So the Nobel Prize is not only acknowledging this complete transformation of a Chinese herb through modern biomedical science into something powerfully efficacious, but also the millions of lives saved because of its successful application worldwide, particularly in the developing world. But there’s something else that marks Tu as extraordinary vis-à-vis both her two fellow Nobel Laureates for medicine, William C Campbell and Satoshi Ōmura, and her more Western medically oriented colleagues in pharmacology. She embodies, in both her history and her research, what I call medical bilingualism – the ability not only to read in two different medical languages but to understand their different histories, conceptual differences, and, most importantly for this unexpected news, potential value for therapeutic interventions in the present.

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New Gene Sequencing Software Could Aid in Early Detection, Treatment of Cancer

Press Release | Johns Hopkins University | February 23, 2017

A research team from the United States and Canada has developed and successfully tested new computational software that determines whether a human DNA sample includes an epigenetic add-on linked to cancer and other adverse health conditions. In the Feb. 20 issue of the journal Nature Methods, team members from Johns Hopkins University, the Ontario Institute for Cancer Research and the University of Toronto detailed their promising new method of detecting the presence of an extra mark on DNA called cytosine methylation...

New Open Source Gene Sequencing Software Could Aid in Early Detection, Treatment of Cancer

Press Release | Johns Hopkins University | February 23, 2017

A research team from the United States and Canada has developed and successfully tested new computational software that determines whether a human DNA sample includes an epigenetic add-on linked to cancer and other adverse health conditions. In the Feb. 20 issue of the journal Nature Methods, team members from Johns Hopkins University, the Ontario Institute for Cancer Research and the University of Toronto detailed their promising new method of detecting the presence of an extra mark on DNA called cytosine methylation...

Popular Heartburn Drugs May Cause Serious Kidney Damage

Kristina Sauerwein | the Source | May 5, 2016

Extended use of drugs to treat heartburn, ulcers and acid reflux may lead to serious kidney damage, including kidney failure, according to a study by researchers at Washington University School of Medicine in St. Louis and Veterans Affairs St. Louis Health Care System. More than 15 million Americans have prescriptions for so-called proton pump inhibitors (PPIs), which decrease gastric acid production and generally have been considered safe...

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Revealed: The NSA’s Secret Campaign to Crack, Undermine Internet Security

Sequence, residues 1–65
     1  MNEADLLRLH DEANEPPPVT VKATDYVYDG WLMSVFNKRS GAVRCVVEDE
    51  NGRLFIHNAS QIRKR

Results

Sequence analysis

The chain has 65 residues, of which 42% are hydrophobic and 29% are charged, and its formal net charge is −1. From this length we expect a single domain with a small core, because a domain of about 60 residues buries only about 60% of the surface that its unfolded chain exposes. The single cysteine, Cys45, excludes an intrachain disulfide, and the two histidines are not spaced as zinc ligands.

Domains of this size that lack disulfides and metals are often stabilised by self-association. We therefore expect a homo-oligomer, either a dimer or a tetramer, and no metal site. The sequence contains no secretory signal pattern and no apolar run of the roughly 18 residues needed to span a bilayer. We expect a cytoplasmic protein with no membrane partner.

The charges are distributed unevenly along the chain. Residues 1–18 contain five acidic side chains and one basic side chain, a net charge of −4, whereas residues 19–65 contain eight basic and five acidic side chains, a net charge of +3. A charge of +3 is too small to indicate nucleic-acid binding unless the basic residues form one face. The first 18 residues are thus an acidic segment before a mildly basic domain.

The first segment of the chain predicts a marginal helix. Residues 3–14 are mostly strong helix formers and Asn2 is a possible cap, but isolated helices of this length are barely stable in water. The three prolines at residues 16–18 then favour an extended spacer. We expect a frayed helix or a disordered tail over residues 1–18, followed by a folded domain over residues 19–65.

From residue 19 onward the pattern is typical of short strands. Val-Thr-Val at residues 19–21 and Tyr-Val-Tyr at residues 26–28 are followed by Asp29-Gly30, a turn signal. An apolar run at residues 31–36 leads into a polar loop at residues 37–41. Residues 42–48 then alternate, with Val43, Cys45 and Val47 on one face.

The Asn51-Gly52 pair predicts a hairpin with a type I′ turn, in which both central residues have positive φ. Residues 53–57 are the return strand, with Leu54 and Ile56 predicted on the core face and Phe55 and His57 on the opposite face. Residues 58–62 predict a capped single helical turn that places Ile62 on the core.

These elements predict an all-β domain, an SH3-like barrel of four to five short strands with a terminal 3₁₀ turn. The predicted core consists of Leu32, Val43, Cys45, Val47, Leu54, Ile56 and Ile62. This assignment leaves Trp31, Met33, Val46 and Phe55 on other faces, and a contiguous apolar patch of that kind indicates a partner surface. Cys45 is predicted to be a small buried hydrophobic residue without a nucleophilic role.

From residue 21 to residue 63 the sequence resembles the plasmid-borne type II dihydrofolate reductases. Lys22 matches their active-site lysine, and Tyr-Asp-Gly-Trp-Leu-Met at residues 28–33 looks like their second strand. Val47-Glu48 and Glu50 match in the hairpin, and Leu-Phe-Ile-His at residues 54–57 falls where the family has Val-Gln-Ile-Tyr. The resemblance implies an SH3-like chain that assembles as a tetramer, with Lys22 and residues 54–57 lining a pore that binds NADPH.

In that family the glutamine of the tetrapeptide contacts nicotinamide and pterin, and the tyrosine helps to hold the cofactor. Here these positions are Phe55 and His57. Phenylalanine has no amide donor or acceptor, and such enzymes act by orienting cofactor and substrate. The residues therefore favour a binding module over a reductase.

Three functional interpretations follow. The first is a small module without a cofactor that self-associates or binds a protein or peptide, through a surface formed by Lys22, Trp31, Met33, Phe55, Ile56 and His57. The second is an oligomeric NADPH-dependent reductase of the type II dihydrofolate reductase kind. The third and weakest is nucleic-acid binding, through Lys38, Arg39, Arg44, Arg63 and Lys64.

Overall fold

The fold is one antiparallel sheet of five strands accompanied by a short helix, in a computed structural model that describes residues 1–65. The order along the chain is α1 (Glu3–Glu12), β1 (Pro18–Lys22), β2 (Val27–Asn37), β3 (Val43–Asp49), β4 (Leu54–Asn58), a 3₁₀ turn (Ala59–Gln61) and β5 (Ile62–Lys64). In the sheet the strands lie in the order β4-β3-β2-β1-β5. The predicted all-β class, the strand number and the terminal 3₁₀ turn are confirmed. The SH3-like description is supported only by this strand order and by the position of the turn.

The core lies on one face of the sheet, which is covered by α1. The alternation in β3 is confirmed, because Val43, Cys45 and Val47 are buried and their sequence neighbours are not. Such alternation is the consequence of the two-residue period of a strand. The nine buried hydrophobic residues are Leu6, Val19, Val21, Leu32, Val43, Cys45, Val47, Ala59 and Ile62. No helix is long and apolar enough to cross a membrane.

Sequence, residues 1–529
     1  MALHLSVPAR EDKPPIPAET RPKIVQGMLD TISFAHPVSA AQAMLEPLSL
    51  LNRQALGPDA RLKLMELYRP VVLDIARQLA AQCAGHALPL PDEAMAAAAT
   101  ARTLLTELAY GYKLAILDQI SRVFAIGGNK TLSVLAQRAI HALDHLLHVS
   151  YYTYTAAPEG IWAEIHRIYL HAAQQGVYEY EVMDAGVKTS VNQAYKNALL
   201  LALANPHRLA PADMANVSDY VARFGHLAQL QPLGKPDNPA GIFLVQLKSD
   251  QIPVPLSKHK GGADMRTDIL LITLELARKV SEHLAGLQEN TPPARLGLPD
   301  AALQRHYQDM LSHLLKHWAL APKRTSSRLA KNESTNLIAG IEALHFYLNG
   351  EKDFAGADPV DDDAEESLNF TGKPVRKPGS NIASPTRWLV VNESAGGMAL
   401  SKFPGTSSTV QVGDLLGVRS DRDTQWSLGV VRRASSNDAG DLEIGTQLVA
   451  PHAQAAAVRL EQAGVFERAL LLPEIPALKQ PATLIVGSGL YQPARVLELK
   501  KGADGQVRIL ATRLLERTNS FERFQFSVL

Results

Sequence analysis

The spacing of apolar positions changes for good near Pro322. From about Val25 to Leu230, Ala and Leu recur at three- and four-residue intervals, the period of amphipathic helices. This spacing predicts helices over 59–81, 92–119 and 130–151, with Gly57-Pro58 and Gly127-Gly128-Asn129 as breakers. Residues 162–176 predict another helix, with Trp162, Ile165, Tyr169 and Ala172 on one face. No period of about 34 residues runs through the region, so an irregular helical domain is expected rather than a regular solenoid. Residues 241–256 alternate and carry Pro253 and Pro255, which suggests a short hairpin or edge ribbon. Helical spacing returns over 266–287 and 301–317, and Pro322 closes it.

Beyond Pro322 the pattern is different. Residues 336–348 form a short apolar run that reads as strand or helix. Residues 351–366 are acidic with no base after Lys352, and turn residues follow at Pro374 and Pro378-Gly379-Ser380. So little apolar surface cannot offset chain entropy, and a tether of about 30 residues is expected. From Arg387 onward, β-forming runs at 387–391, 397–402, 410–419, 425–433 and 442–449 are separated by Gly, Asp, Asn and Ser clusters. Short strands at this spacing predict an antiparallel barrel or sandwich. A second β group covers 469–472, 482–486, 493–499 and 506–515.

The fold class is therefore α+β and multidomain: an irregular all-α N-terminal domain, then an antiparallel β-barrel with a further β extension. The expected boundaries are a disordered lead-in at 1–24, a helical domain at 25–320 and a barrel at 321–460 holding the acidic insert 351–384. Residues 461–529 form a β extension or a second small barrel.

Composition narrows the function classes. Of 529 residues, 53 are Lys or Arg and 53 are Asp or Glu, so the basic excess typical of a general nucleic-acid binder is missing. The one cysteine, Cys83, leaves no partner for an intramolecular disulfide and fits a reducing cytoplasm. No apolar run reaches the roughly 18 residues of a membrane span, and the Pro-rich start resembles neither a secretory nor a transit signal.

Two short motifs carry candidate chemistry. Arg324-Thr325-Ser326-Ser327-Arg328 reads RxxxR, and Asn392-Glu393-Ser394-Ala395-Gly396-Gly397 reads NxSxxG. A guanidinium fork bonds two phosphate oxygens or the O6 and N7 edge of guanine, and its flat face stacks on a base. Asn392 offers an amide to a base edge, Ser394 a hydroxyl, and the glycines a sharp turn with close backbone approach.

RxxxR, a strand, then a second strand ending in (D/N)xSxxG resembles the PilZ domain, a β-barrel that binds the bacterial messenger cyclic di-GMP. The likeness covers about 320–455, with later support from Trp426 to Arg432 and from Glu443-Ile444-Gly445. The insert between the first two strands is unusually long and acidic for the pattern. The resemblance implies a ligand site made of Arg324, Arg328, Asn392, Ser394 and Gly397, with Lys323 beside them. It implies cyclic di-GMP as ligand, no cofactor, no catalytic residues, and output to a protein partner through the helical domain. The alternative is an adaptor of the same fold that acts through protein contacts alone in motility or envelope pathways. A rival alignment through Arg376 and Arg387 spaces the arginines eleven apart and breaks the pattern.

Jeff Larson, Nicole Perlroth, Scott Shane | ProPublica, New York Times | September 5, 2013

Newly revealed documents show that the NSA has circumvented or cracked much of the encryption that automatically secures the emails, Web searches, Internet chats and phone calls of Americans and others around the world. The project, referred to internally by the codename Bullrun, also includes efforts to weaken the encryption standards adopted by software developers. Read More »

Rural Indian Villages Are About to Get Lifesaving Treatment Through an App

Selena Larson | CNN | October 3, 2016

Intelehealth, founded by students at Johns Hopkins University, makes an app that lets health workers in rural communities act as a proxy for doctors who are unable to work in underserved areas themselves. India has just one doctor for every 1,700 people, and while 70% of the population is in rural areas, about 60% of the healthcare infrastructure is in cities. Health workers in remote areas are trained on very basic care -- they can't offer tests or consults on things like diabetes or asthma, according toIntelehealth founder and CEO Neha Goel.

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Seizures Tracked with Apple Watch App Linked to Stress, Missed Sleep

Press Release | American Academy of Neurology | February 21, 2017

New research using an Apple Watch app to track seizures in people with epilepsy finds triggers are often stress and missed sleep, according to a preliminary study released today that will be presented at the American Academy of Neurology's 69th Annual Meeting in Boston, April 22 to 28, 2017. For the 10-month study, 598 people signed up to track their seizures with an app called EpiWatch built using ResearchKit, a software framework designed by Apple to make it easy for researchers to gather data more frequently and more accurately from participants using iPhone and Apple Watch...